Cover of Cruel Shoes
I have heard that Steve Martin is embarrassed by Cruel Shoes and that’s why he keeps it out of print. While I can understand being embarrassed by your early work (some of the original TODCRA essays bug me to bits), there’s absolutely nothing to be embarrassed about in this book.
Perhaps the most interesting thing is that it’s not a standard humor book like people might be expecting. It’s not just transcribed routines from the records intended to cash in; all of the pieces are originally intended AS stories. It should not be a shock that the stories themselves are all very good. (I think that Mr. Martin might have a good career as a writer should this whole comedy thing not pan out for him.)
Having just gotten into Barthelme‘s writing, I was surprised at how similar the styles were. Some of Steve Martin’s stuff might be a little goofier, sure, but a lot of it really isn’t — or at least, goofy in that same sort of post-modernist metafictional way.
For example, the title story, is on one level a surreal story, and on another level, the punchline of it is playing off of the idea of “beauty is pain”. But to look at the actual text of the story — there’s a lot going on. Martin is, firstly, an exquisite wordsmith; his sentences are perfectly constructed and enjoyable to read even as if they were meaningless in the larger context of the story. Even the title — “Cruel Shoes” — is an intriguing turn of phrase. The shoes themselves aren’t really cruel — yet that’s the best description of them. They’re not terrible shoes, they’re not uncomfortable shoes, they’re not malicious shoes – none of those has the same weight or meaning. They are CRUEL shoes.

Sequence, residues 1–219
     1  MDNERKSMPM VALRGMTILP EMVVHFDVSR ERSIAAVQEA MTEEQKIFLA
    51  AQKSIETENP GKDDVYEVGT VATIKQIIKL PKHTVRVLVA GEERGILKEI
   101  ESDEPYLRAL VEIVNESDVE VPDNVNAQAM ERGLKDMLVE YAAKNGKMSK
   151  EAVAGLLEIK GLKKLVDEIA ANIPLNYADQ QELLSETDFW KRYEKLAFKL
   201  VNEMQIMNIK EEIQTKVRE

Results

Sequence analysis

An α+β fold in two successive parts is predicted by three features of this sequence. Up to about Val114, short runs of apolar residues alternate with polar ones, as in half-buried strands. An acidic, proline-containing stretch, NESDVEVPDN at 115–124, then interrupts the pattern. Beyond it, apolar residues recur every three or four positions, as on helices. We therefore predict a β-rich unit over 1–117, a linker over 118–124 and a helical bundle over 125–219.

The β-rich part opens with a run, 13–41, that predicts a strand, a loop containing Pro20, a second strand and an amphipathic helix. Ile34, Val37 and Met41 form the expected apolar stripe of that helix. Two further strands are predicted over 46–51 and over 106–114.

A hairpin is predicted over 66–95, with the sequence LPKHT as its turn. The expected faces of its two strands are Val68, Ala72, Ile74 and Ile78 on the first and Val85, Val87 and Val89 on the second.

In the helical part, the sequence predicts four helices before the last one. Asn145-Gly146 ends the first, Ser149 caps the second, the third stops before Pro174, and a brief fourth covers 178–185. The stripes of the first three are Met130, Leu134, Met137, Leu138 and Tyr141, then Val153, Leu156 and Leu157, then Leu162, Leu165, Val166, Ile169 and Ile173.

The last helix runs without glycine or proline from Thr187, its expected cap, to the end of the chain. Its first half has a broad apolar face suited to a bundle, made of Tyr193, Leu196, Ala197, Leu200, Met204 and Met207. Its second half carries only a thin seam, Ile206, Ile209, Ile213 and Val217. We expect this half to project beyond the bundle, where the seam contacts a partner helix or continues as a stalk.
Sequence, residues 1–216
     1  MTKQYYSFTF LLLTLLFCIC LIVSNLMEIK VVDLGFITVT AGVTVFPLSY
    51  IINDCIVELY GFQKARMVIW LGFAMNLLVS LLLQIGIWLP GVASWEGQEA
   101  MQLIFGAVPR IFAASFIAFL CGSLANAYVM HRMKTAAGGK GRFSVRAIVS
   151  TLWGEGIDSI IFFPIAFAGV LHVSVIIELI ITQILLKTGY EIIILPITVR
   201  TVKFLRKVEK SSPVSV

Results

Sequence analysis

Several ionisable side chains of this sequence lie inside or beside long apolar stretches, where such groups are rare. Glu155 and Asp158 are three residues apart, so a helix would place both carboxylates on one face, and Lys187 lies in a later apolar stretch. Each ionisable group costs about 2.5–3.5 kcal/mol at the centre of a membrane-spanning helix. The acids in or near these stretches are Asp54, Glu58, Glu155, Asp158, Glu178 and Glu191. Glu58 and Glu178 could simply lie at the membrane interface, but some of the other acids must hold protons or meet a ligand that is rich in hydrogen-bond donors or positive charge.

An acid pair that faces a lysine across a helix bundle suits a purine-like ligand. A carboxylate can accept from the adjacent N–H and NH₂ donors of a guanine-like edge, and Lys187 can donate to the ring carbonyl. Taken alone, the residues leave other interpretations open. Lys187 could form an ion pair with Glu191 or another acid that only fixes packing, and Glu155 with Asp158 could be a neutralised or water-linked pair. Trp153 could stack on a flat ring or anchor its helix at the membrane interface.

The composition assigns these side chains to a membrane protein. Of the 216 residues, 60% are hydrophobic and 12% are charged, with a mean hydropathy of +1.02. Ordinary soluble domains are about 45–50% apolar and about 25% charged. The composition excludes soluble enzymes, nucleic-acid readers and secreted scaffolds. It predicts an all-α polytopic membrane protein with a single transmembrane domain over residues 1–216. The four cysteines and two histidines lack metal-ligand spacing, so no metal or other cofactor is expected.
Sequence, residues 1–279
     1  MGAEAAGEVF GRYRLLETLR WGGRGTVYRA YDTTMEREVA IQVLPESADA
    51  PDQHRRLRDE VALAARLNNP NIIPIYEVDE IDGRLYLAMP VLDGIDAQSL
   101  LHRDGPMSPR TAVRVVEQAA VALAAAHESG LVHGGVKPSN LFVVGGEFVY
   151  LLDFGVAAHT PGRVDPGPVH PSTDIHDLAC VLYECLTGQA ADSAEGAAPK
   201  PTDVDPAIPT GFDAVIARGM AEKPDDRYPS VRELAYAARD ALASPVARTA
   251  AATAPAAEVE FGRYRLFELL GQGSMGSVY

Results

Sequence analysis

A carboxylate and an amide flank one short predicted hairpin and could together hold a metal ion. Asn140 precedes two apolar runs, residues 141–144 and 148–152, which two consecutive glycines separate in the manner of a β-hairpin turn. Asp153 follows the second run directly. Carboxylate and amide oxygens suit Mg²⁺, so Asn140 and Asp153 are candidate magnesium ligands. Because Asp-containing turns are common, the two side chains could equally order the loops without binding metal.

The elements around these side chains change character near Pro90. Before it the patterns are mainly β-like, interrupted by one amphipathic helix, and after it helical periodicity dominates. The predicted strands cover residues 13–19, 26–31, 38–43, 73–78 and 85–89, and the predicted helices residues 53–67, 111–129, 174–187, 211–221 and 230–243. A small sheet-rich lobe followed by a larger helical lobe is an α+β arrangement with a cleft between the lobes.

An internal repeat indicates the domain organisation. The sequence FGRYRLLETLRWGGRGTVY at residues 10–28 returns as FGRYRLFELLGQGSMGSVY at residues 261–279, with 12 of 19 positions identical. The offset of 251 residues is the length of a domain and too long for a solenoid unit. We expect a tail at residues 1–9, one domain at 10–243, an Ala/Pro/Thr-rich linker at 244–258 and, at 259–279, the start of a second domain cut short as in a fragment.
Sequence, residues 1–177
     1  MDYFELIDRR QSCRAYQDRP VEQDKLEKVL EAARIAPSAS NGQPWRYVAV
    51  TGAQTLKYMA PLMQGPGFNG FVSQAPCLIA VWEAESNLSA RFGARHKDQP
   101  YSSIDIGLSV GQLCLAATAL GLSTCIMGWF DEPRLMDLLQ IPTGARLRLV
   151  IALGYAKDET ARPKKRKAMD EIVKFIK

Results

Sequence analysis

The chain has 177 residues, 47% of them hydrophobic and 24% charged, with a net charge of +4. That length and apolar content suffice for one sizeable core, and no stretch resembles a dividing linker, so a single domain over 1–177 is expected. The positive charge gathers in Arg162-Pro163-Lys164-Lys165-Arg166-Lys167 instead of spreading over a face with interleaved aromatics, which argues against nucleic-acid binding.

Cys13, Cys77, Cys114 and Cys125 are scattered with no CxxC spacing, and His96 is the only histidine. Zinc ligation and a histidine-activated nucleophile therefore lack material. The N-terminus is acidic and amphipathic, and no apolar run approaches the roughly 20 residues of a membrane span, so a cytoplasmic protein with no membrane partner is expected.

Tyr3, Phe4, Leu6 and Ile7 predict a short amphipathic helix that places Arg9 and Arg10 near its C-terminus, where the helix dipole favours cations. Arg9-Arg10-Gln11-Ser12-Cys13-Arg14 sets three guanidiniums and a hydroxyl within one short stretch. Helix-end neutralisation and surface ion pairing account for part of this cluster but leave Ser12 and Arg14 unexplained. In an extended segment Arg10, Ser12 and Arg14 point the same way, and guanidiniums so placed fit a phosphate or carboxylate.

Likewise, in Demolition of the Cathedral at Chartres, though it’s a brief story, it feels like an aside in a Buñuel film — an outtake from The Phantom of Liberty. The best part isn’t the fact that the cathedral was torn down by accident — but that Mr. Rivers is so far removed from the act that he did, and approaches it like an American tourist who got to see some famous landmark before it fell apart; he’s got no interest in WHY it was destroyed, or even that it was destroyed accidentally BY HIM — it’s just something that happened, and it is perhaps a shame, but at least he got to see it before it was torn down.
“The Bohemians” (sadly, not available online) is another Buñuelian satrical slice where standard suburban life is raised to performance art — the mundane made aesthetic. Steve Martin’s flash-fictional style works very well for these, and I wish that this book were still in print, perhaps in an expanded version. It’s funny to me how if Cruel Shoes had a different name on it, the author would be most likely lauded as an excellent postmodern author — but given that it’s by that guy who’s on Saturday Night Live a lot and was The Jerk, it’s a comedy book; normally, no problem with that, just a matter of getting over, as Barnes and Barnes put it, the Stigma of Comedy in the mind of the public at large — though that stigma can be used to introduce experimental or avant-garde forms; while comedy may be stigmatized, it’s also a great vector for slipping really out-there stuff under the radar of the populace at large.